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Legal challenges to Arizona immigration law multiply

Three legal challenges to the Arizona immigration law have already been filed in federal court in Arizona, asking judges to block implementation of the statute and declare it unconstitutional.

By Staff writer / April 29, 2010

Two protesters of the Arizona immigration law stood outside Wrigley Field in Chicago before the opening game of the Chicago Cubs' series against the Arizona Diamondbacks Thursday.

Nam Y. Huh/AP



Advocates from immigrant rights groups set the stage on Thursday for a major legal showdown in the federal courts over the constitutionality of the tough new Arizona immigration law.

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In a news conference on the grounds of the Arizona State Capitol in Phoenix, leaders from the groups pledged to file a “vigorous and sophisticated” challenge to the law.

“If this law were implemented, citizens would effectively have to carry ‘their papers’ at all times to avoid arrest,” said Alessandra Soler Meetze, executive director of the American Civil Liberties Union (ACLU) of Arizona. “It is a low point in modern America when a state law requires police to demand documents from people on the street.”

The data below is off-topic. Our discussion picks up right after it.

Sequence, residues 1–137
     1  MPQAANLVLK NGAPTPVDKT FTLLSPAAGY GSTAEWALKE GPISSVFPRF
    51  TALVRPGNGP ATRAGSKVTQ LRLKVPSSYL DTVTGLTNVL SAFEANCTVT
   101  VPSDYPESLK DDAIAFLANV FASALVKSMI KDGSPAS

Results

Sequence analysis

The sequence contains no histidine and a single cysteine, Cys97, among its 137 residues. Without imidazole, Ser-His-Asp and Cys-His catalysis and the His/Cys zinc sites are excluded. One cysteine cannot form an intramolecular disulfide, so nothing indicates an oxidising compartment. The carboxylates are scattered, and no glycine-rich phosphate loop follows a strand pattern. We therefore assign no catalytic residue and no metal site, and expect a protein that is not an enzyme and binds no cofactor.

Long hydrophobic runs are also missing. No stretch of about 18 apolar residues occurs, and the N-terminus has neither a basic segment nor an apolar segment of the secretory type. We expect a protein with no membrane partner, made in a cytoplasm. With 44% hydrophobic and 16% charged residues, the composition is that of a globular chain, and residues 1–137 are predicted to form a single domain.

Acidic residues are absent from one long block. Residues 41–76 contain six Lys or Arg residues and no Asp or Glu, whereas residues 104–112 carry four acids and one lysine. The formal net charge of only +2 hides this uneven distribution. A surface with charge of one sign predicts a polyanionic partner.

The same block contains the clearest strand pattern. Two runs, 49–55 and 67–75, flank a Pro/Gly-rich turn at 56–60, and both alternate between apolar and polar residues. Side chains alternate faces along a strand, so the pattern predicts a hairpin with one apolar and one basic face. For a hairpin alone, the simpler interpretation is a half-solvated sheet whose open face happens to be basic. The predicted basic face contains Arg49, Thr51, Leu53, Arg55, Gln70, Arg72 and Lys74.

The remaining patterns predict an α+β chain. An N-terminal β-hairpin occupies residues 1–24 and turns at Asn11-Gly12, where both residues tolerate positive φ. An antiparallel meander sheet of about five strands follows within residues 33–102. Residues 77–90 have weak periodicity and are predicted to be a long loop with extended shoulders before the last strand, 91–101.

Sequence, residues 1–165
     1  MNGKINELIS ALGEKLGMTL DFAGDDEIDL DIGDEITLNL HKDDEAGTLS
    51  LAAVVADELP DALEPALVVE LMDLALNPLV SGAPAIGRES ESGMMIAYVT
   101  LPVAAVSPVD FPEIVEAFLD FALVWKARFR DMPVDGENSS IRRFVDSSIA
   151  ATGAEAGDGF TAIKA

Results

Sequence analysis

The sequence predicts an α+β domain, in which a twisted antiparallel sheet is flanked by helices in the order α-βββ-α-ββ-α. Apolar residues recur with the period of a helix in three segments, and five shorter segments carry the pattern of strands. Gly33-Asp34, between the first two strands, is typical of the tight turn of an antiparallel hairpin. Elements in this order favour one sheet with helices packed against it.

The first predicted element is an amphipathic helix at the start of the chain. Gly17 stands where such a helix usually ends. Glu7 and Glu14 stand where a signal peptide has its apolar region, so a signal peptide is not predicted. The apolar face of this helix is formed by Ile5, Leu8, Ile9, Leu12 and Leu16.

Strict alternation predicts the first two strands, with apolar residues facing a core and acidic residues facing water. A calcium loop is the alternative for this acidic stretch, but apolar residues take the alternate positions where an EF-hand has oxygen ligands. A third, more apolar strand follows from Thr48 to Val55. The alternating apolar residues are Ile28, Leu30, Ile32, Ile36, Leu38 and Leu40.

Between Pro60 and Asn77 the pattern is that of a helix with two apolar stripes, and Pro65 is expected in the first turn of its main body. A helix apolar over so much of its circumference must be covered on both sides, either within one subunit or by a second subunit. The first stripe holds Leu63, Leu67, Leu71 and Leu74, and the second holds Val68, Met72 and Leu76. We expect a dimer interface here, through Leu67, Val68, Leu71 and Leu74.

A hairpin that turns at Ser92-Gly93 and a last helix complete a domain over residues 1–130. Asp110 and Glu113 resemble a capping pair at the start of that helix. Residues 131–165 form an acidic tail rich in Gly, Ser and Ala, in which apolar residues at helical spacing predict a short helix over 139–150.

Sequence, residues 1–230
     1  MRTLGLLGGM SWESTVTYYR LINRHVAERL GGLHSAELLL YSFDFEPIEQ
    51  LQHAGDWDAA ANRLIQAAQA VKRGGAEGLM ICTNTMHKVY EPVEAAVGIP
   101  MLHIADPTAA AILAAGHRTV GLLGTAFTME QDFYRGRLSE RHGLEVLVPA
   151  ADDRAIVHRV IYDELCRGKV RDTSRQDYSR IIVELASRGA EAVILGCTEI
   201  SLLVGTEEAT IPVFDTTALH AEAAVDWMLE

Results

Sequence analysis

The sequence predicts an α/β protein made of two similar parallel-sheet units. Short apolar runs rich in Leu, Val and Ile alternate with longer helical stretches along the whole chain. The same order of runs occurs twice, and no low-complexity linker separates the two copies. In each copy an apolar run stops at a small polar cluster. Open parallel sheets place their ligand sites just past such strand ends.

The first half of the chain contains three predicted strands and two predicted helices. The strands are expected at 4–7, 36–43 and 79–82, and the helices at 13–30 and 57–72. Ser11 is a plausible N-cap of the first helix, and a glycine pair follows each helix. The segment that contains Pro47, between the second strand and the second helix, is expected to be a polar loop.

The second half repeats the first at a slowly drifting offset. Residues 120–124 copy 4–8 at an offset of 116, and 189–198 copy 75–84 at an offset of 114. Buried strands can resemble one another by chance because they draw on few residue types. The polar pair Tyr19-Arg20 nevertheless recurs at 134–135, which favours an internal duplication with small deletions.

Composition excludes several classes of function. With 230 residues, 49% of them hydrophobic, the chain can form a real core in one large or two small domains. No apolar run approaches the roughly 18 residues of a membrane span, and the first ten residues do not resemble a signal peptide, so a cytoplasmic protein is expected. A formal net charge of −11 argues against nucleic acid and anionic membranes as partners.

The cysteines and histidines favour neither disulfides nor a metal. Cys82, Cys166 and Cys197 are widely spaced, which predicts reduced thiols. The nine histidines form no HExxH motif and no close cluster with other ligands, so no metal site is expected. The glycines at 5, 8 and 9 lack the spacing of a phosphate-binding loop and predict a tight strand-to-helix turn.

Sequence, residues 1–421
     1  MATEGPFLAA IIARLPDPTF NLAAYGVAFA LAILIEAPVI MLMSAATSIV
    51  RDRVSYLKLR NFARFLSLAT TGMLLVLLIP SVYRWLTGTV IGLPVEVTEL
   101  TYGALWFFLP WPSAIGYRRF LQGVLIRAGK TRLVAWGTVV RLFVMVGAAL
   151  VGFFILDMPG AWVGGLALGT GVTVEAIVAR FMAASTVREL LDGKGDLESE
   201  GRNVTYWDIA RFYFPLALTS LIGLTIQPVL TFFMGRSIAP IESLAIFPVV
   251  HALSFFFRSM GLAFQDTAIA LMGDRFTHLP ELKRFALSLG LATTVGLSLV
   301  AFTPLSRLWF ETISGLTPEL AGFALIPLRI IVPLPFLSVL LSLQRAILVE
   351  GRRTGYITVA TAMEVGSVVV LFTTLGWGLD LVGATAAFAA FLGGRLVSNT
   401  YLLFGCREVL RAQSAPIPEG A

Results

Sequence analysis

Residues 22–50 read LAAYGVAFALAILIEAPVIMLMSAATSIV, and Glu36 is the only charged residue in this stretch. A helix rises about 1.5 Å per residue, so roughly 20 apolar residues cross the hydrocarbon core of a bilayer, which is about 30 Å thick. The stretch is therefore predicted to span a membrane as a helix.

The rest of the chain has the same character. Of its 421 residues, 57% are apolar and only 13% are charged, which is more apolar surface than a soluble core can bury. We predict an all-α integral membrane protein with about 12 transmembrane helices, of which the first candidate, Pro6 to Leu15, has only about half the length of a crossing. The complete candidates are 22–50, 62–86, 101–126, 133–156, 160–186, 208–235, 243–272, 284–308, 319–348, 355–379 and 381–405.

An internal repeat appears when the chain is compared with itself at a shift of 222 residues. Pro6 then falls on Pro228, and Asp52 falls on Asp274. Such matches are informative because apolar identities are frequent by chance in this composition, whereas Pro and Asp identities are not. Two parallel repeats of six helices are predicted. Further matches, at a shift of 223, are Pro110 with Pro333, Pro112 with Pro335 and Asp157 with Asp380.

Three legal challenges to the Arizona law have already been filed in federal court in Arizona, asking judges to block implementation of the statute and ultimately declare the measure unconstitutional.

  • The National Coalition of Latino Clergy and Christian Leaders filed a class action suit on Thursday on behalf of a group of citizens, legal residents, and illegal immigrants who say the law will devastate lives and businesses in Arizona’s Latino community.
  • Tucson Police Officer Martin Escobar said in his suit, also filed Thursday, that there was no way to carry out the mandate of the Arizona law in a race-neutral way. He said the state statute compels law enforcement officials “to actively engage in racial profiling to detain, question, and require every Hispanic” to prove their legal status.
  • A third lawsuit has been filed by Washington, D.C., resident and US citizen Roberto Javier Frisancho, who said he plans to visit Arizona in September to conduct research, but is now fearful of how he may be treated as a person of Hispanic heritage. The act “establishes a crime of being Hispanic,” he says in the suit.

The legal moves came as debate over the new measure continued to spread across the country.

Signs of protest and support

The presence of the Arizona Diamondbacks at Chicago’s Wrigley Field sparked a protest. And calls are mounting for a boycott of Arizona tourism and businesses.